Radiological features in subacute combined degeneration have been described in detail in literature.7 The most common finding is hyperintense signal change in lower cervical and upper thoracic region of spinal cord. In most instances one can see a streak of hyperintensity in saggital section. However, in axial section characteristic posterior column involvement gives rise to ‘inverted V sign’ appearance as was seen in our patients (Figure 1).8,9 In late stages cord atrophy in thoracic region is the only finding seen.

Symptomatic improvement occurs in the first six months of therapy although it may not be complete for a year or more. Early diagnosis and treatment can result in complete improvement. The importance of early diagnosis is highlighted by the observation that reversal of manifestations correlate inversely with the time gap between onset of complaints and initiation of treatment.8 All patients in our series started showing improvement around 2–3 weeks of treatment and complete improvement by 2–3 months.

A deficiency of cobalamin may also result from malabsorption syndrome, gastric surgery, drugs such as H2 antagonists and metformin, nitrous oxide use and abuse and parasitic infestation by fish tapeworm (Diphyllobothrium latum). Vegetables are usually devoid of cobalamins, though strict vegetarians rarely develop clinical deficiency, because only 2–5 μg of vitamin B12 is needed daily which is present in legumes. All our patients were also pure vegetarians and hence were at risk for vitamin B12 deficiency. Prevalence of Vitamin B12 deficiency among vegetarians is high with vegans more deficient compared to other vegetarians.10 So it is important that the pure vegetarians should have a diet rich in vitamin B12, like legumes and milk.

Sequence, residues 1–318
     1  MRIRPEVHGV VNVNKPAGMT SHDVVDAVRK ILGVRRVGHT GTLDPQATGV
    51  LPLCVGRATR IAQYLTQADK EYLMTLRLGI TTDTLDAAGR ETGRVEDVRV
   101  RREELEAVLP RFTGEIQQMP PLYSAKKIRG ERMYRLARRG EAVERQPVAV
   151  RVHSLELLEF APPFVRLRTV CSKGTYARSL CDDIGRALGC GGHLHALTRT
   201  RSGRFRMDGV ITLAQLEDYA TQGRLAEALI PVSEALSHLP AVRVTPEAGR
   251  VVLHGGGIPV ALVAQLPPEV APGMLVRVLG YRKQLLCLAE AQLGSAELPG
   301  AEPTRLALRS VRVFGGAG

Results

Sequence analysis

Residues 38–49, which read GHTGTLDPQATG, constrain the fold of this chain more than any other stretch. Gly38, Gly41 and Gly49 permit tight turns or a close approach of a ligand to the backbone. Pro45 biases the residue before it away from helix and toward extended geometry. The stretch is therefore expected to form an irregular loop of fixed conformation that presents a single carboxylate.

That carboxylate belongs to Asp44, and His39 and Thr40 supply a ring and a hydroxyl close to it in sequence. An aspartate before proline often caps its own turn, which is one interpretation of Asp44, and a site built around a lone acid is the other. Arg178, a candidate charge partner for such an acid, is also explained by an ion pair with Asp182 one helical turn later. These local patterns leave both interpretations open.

In our case series two patients presented with pseudoathetosis and useless hand syndrome, another two patients presented with acute posterolateral cord syndrome causing gait ataxia and one acute posterior cord syndrome presented with acute sensory gait ataxia. Until now there are only two case reports mentioning acute onset neurological manifestations.3,4 An acute onset reversible extra-pyramidal syndrome (parkinsonism) with mild myeloneuropathy secondary to vitamin B12 deficiency has been described.3 Our case series emphasizes that neurological manifestations due to vitamin B12 deficiency can have acute presentation and one should be aware of this especially in country like India where most people consume a vegetarian diet. Second, it is important point to remember that early diagnosis and treatment of vitamin B12 deficiency can completely resolve the clinical manifestation.

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  1. Department of Neurology, King George’s Medical University, Lucknow, India

    • Shuchit Pandey
    • , Vikram V Holla
    • , Imran Rizvi
    • , Abdul Qavi
    •  & Rakesh Shukla

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Contributions

SP, VVH and RS were involved in the concept, study design, data collection, literature overview and discussion. IR was involved in the concept, study design and discussion. AQ was involved in the concept, data collection, literature overview and discussion.

Competing interests

The authors declare no conflict of interest.

Corresponding author

Correspondence to Rakesh Shukla.

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DOI

https://doi.org/10.1038/scsandc.2016.6